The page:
Finally, the feasibility of translating our vaccination strategy to women should be considered. We have recently shown that our HPV PsV–based vaccination strategy is not restricted to mice, with studies in non-human primates demonstrating efficient gene delivery and immunogenicity against SIV antigens in Depo-Provera–treated monkeys (35). The mice in this study were similarly progesterone treated to ensure that they had uniformly thin cervicovaginal epithelium and so relatively consistent vector infection. However, this treatment might be more critical in mouse studies than in human applications for two reasons. First, the thickness of the cervicovaginal epithelium appears to be more hormonally dependent in mice, with estrogen-dominated mice exhibiting highly keratinized squamous epithelium. The thickness of the squamous epithelium varies less across the menstrual cycle in women. Second, the simple columnar epithelium of the endocervix begins rather high up the endocervical channel in mice and is not readily exposed to N-9 and PsV unless the cervix is cannulated (34). In contrast, the endocervical epithelium is exposed in women, particularly in young women. It might be predicted that the simple columnar epithelium of the endocervix would be exceptionally susceptible to N-9 disruption and PsV infection, and this susceptibility to infection would not be expected to vary substantially across the menstrual cycle. It will be important to further determine in non-human primate models whether IELs can similarly be induced in the simple columnar epithelium of the endocervix throughout the menstrual cycle, particularly since the endocervix and/or the transformation zone between endo- and ectocervix may be especially susceptible to viral transmission.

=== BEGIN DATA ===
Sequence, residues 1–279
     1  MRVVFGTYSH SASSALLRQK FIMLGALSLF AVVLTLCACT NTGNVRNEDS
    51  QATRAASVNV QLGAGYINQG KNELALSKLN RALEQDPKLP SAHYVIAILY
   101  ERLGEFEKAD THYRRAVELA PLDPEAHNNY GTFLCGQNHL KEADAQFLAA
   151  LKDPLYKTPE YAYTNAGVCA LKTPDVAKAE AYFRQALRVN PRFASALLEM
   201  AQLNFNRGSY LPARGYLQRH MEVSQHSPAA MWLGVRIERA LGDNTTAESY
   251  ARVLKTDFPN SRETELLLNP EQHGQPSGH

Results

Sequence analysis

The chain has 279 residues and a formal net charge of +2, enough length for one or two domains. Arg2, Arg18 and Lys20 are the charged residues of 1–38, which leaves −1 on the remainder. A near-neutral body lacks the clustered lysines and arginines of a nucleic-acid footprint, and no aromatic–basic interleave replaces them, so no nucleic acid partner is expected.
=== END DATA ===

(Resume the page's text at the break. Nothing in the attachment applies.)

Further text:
The requirement for epithelial permeabilization or disruption in conjunction with vaccination might also raise safety concerns. For this reason, we purposely chose to use a disrupting agent that is an over-the-counter product containing N-9 (Conceptrol) that is approved for unregulated Ivag application in women. While N-9–containing spermicides used repeatedly may increase susceptibility to some sexually transmitted infections, these agents could be acceptable for a limited number of applications as part of a vaccination protocol. Although the use of N-9–containing products was associated with an increased risk of HIV transmission (64), the epithelial disruption they induce is transient, and refraining from unprotected sexual activity for several days after their use as part of a vaccination regimen would likely mitigate this risk. Finally, the experience from clinical trials of topical microbicides against STDs provides a rational basis for developing a relatively simple gel-based vaccine for topical application.
Six- to 8-week-old female BALB/cAnNCr and CB6F1/Cr mice were purchased from the Animal Production Program (NCI-Frederick) and housed and handled under specific pathogen–free conditions in the animal care facilities at the National Cancer Institute.